Message from the President
Brothers and Sisters,
On August 28, 2013 the nation will commemorate the 50th anniversary of the historic 1963 March on Washington for Jobs and Freedom.
Before the founding of the A. Philip Randolph Institute in 1965, A. Philip Randolph and Bayard Rustin joined forces to organize civil rights, human rights, faith and labor leaders and community activists for a massive jobs-oriented protest in Washington, D.C. At the time Randolph, the eloquent senior statesman of the Black struggle for equality and opportunity, was President of the Brotherhood of Sleeping Car Porters and Vice President of the AFL-CIO. Rustin was an organizer of the Southern Christian Leadership Conference and advisor to Dr. Martin Luther King, Jr. He was considered the chief strategist behind the March.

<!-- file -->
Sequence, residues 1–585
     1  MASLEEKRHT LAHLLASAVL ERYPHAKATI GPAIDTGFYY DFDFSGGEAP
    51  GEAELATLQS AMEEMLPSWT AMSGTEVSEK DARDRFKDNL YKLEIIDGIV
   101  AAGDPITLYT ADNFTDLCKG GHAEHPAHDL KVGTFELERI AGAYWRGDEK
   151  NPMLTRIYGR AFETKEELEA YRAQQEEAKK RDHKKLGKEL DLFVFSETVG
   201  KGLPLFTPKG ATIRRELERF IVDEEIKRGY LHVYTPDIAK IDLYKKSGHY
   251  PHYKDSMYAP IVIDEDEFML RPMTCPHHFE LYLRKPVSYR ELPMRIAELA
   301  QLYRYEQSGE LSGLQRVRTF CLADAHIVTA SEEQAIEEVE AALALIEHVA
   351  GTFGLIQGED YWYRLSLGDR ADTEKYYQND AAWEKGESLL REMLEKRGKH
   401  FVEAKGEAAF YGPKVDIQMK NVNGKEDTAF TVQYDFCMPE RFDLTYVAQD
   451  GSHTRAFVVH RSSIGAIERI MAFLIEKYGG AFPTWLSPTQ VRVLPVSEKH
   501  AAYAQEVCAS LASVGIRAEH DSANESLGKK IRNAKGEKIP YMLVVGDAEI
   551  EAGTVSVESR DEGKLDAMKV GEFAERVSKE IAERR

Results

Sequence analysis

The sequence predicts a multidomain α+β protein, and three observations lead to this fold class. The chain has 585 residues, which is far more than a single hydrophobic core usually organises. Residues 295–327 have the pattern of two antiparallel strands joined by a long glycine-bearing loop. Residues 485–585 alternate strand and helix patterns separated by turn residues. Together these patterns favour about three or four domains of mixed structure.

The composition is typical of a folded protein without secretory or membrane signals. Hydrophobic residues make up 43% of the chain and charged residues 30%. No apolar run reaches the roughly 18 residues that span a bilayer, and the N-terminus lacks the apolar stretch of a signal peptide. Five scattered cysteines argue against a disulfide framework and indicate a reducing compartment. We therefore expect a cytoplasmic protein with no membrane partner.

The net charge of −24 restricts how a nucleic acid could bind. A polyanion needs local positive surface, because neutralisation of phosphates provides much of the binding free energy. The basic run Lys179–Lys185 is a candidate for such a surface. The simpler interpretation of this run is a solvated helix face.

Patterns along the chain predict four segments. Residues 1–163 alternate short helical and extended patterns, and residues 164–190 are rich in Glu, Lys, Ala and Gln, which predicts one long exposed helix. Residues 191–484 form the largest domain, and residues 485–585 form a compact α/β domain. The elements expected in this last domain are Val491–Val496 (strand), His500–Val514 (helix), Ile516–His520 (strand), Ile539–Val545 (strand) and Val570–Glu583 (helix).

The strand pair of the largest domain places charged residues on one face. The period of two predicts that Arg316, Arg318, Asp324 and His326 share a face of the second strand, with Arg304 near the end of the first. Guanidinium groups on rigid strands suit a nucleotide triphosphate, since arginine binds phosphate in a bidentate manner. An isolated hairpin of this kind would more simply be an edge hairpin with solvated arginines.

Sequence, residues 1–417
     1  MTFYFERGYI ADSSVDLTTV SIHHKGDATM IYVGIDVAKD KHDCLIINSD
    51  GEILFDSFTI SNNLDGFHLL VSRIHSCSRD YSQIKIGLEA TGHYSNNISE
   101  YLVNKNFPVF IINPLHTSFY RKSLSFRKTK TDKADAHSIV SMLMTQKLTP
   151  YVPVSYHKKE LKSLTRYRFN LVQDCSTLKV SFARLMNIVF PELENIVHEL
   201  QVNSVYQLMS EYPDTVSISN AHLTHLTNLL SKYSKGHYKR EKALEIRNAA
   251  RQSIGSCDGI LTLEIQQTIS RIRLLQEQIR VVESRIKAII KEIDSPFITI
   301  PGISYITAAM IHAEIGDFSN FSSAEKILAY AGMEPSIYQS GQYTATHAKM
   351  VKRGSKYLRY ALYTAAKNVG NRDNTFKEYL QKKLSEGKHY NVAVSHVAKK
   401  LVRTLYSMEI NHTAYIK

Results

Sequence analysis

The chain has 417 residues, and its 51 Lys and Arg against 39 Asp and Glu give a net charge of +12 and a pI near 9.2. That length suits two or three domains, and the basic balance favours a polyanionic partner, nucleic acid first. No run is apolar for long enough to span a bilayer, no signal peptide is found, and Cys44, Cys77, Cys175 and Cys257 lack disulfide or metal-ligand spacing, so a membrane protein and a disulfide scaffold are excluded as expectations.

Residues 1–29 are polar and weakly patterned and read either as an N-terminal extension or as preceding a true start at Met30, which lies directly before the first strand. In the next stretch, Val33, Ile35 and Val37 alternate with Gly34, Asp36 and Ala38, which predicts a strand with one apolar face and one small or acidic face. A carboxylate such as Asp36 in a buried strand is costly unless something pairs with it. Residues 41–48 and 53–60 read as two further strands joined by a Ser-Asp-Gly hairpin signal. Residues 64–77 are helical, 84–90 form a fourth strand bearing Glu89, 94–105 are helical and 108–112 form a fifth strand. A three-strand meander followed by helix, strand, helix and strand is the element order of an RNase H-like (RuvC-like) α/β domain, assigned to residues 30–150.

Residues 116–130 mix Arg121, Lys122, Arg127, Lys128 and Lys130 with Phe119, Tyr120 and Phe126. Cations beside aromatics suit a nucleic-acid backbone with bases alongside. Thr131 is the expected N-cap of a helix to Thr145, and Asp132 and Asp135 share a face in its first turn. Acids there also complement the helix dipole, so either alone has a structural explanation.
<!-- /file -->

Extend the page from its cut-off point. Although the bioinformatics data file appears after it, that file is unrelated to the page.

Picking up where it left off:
At that time, the March on Washington proved to be the largest mass protest in American history, resulting in 250,000 men and women, young and old, from all walks of life, from every community in the nation gathered in peaceful protest beneath the shadow of the Lincoln Memorial to express their deepest hopes for the cause of justice, freedom and equality.
Within two years following the March on Washington, the two most effective civil rights bills ever enacted, the Civil Rights Act of 1964 and the Voting Rights Act of 1965, are passed.
Fifty years ago, in his speech Randolph said:
“The March on Washington is not the climax of our struggle, but a new beginning not only for the Negro but for all Americans who thirst for freedom and a better life. Look for the enemies of Medicare, of higher minimum wages, of Social Security, of federal aid to education and there you will find the enemy of the Negro, the coalition of Dixiecrats and reactionary Republicans that seek to dominate the Congress.”
Today, nearly fifty years after the March on Washington, the movements for civil, human and workers’ rights still dominate the national headlines. Working men and women are still impacted by the same evils which prevent us from achieving the full benefits of the American Dream. We cannot allow the clocks to be turned back on the advances of our hard earned civil rights and voter rights.
Call to the
44th National Education Conference